U.N.- Israel's torture ban leaves legal loopholes

Saturday, November 24, 2001

GENEVA -- A 1999 Israeli Supreme Court ban on torture left loopholes that have let interrogators use force to extract confessions, a United Nations committee said Friday.

"The ruling did not contain a definite prohibition on torture," said Peter Burns, chairman of the 10-member U.N. Committee against Torture. He called on Israeli lawmakers to close the legal gaps by enacting an explicit ban on all forms of torture.

The supreme court ban did not stop interrogators from relying on the "defense of necessity," allowing them to use questionable methods when they need to extract information quickly from suspects who may have knowledge of an impending attack, Burns said.

U.N. panel cites torture problem in Indonesia

GENEVA -- Indonesia's military and police are getting away with torture because victims are afraid to complain or fail to get a fair hearing, a U.N. committee said Friday.

The U.N. Committee Against Torture said it was concerned by a large number of alleged acts of torture and mistreatment, including sexual violence, committed by police and paramilitary groups tied to authorities.

Suspects benefit from a "climate of impunity" because there was little progress bringing them to trial, particularly senior officials, the panel of 10 human rights experts said.

Indonesian officials told the committee that several members of the security forces, including high-ranking ones, have been sentenced for human rights abuses.

Poles find mass graves at former Nazi camp

WARSAW, Poland -- Polish researchers said Friday that they have discovered mass graves at Sobibor, a death camp in eastern Poland that was razed by the Nazis after inmates staged an uprising.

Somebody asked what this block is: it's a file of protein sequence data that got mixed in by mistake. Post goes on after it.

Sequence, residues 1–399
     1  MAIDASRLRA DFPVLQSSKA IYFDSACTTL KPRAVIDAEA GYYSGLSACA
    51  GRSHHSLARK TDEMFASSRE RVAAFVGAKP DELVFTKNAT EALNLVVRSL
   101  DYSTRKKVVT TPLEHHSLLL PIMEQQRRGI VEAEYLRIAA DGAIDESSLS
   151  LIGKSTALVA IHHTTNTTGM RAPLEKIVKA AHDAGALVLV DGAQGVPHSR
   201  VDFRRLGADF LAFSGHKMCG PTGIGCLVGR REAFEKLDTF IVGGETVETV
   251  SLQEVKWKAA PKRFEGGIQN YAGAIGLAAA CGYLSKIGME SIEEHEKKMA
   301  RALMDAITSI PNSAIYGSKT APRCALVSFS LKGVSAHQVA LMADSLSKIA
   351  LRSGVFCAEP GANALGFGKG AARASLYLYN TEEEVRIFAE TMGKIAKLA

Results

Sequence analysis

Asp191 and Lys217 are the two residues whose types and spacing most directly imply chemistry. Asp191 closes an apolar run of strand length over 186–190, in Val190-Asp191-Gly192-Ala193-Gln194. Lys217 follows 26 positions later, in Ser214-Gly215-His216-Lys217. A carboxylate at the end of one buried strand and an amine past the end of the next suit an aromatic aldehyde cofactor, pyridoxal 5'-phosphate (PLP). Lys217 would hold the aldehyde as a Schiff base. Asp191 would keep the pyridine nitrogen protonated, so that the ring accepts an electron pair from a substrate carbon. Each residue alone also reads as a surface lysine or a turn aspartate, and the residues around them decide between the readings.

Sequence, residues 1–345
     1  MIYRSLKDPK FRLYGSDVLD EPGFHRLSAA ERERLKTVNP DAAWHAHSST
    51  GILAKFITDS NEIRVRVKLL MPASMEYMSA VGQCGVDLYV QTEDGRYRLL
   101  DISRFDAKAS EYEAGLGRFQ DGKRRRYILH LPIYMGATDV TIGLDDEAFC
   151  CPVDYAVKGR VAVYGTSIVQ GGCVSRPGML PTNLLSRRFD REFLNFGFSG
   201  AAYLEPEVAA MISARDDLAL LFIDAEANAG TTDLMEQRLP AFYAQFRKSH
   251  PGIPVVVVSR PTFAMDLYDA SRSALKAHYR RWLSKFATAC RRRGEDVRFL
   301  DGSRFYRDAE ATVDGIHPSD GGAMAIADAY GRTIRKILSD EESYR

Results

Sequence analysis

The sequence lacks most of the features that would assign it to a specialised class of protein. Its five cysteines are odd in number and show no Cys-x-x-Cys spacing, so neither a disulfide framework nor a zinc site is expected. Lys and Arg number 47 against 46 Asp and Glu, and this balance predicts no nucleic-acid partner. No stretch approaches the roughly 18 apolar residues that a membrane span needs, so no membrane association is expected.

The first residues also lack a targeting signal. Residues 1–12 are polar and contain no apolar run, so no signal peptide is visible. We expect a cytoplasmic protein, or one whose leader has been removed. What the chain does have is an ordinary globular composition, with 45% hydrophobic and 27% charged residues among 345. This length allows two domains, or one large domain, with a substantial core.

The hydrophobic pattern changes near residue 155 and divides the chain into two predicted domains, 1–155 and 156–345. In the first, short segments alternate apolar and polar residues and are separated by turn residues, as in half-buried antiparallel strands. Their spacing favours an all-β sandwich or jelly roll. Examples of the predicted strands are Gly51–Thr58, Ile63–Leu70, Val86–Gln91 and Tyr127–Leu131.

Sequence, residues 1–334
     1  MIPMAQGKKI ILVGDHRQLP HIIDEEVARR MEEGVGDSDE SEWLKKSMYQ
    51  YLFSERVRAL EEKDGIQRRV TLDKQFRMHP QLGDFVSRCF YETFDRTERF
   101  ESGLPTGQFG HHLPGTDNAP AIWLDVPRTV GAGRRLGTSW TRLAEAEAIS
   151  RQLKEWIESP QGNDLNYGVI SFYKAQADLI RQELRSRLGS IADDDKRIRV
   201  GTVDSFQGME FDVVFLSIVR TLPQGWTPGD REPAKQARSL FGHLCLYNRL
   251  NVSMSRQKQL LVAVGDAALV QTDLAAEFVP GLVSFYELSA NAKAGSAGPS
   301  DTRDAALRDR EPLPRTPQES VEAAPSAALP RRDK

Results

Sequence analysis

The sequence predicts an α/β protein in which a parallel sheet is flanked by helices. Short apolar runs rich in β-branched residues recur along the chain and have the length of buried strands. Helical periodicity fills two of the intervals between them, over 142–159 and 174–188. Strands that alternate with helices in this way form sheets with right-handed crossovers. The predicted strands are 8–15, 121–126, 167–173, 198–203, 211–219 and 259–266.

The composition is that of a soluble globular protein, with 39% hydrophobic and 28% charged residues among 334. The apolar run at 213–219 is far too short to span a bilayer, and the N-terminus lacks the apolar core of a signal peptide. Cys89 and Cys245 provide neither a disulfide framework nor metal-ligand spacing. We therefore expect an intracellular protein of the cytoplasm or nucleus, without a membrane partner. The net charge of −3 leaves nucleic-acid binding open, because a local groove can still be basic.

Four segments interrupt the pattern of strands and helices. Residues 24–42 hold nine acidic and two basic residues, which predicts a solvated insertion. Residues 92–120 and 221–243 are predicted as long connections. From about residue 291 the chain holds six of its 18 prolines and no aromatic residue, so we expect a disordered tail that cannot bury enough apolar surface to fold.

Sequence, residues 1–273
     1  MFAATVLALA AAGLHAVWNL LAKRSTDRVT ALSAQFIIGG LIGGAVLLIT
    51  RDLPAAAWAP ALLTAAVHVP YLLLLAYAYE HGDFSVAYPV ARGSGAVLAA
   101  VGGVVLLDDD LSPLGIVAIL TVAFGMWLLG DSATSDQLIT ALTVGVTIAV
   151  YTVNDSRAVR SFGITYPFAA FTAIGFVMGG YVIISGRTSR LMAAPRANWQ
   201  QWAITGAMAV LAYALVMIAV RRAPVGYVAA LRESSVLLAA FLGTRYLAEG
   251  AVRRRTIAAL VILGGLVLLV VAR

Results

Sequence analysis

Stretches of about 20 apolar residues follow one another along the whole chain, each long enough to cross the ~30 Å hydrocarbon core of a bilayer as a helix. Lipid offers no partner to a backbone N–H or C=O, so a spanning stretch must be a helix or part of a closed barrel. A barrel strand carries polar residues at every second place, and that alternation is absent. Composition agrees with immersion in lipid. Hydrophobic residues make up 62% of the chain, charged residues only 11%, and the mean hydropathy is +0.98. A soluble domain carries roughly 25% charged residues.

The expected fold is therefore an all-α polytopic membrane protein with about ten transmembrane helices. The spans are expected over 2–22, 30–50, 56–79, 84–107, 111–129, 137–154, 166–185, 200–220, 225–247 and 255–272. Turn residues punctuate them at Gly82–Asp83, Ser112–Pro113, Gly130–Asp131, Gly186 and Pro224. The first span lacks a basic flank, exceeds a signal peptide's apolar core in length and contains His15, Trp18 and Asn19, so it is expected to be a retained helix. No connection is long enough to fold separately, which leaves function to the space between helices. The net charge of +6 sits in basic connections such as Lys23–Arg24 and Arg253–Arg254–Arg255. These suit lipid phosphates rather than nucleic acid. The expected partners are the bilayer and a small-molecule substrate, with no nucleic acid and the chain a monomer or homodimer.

Seven mass graves and the sites where several buildings stood were found, said Andrzej Kola, an archaeology professor supervising what he said was the first thorough study of the former camp.

The Nazis, who built the camp in occupied Poland in 1942, razed it in 1943 after an uprising in which inmates killed nine guards and tried to flee.

Three hundred Jews escaped from the camp, but dozens of them were killed in a surrounding mine field and most of the rest were hunted down over subsequent days.

Russian pledge to limit oil exports disappoints

MOSCOW -- A pledge from Russia to reduce its daily oil exports by less than 1 percent disappointed the world's other leading petroleum producers, which had hoped for a cut three times as large to help stabilize falling prices.

The government of the world's second-largest oil producing nation said Friday that companies would trim output by a mere 50,000 barrels a day for the remainder of the year.

The Organization of Petroleum Exporting Countries has implored Russia to join other nonmember nations such as Mexico and Norway in making larger cuts to help shore up prices, which have plummeted nearly 30 percent in the past two months.

Russian Deputy Prime Minister Viktor Khristenko made the announcement following a meeting with the leaders of the largest Russian oil companies. He said a decision on further production plans for 2002 would be made in December.

--From wire reports

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